For someone who did not grow up with Marx in the household, the road to joining a socialist party is not straight and easy like a motorway. Instead it is a meandering and confusing country path, involving many twists and turns.

An example of this would be my interest in the comedian Doug Stanhope in my early teens. Doug’s stand-up was probably the first political art that I felt spoke to me. He violently mocked reactionary and religious figures in the media as well as speaking out for individual freedoms such as abortion. Unfortunately, while obviously an empathetic person, Stanhope identified as libertarian which, for a while I also thought was right for me. Granted, this was before I had a speck of an idea about capitalism.

Eventually I grew out of libertarianism and, as I grew to understand the world around me, I began to understand the exploitation that occurs under capitalism. This feeling intensified as I entered the workforce, as a waiter in high-class establishments. Here, I saw the chaos, extreme lack of organisation and abuse of workers that occurs in a privately run workplace, irreconcilably going against the idea of the efficiency and productivity that is promoted by the capitalist class.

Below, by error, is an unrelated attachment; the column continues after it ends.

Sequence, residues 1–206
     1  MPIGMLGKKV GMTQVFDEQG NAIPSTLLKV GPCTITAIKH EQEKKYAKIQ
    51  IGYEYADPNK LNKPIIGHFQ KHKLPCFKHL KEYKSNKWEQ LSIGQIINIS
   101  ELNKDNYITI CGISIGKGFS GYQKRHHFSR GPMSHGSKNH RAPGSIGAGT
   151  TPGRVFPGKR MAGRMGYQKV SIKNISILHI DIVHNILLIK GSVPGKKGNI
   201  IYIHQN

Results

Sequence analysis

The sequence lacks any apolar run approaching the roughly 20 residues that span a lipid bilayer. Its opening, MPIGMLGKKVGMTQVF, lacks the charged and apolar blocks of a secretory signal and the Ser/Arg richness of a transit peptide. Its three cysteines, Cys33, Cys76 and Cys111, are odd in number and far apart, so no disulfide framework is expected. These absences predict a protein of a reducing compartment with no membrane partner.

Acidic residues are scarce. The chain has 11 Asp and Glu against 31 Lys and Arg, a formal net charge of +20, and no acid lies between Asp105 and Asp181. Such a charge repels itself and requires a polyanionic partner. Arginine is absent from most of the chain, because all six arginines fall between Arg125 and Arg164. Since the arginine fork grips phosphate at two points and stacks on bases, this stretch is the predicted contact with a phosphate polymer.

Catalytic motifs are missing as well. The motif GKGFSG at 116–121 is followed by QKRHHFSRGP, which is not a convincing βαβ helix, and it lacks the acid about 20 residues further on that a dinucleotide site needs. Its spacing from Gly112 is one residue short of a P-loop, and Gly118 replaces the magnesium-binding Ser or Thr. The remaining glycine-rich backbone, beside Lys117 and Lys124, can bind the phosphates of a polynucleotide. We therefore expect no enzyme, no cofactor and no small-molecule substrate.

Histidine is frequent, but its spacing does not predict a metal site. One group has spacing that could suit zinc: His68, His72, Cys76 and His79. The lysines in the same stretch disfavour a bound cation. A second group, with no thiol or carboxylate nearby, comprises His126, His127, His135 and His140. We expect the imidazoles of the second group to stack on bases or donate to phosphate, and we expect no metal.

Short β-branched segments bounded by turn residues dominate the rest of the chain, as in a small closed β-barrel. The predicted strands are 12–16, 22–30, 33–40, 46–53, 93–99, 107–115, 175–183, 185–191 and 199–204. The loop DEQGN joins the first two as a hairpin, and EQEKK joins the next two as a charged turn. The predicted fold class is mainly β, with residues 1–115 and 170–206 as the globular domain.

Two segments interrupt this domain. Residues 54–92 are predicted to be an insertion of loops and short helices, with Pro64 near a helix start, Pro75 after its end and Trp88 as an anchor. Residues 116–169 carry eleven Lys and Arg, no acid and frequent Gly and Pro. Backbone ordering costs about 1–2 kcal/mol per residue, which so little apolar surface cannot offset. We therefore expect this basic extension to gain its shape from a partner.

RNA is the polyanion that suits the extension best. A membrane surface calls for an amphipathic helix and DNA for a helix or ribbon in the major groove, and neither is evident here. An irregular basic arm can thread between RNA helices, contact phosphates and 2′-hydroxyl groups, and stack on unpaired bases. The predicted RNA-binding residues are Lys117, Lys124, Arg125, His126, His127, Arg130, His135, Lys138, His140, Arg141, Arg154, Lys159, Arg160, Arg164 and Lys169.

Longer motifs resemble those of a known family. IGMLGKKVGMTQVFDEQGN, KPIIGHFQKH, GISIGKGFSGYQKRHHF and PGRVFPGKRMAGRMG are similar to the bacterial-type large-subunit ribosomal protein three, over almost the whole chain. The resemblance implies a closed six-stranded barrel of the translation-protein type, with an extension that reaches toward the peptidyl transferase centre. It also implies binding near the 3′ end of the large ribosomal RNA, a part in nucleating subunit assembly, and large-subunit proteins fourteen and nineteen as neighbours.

The point for me when I decided to take the step join the Socialist Party, was when I joined the trade union Unite. I realised that I must take an active role in improving the working lives of myself and others. In order to have a role in legitimately changing the world around me, I realised I must join the Socialist Party as well – because, let’s face it, going on posting crusades revolving around mocking Jordan Peterson and sharing leftist memes, just isn’t enough.

By Michael McCourt

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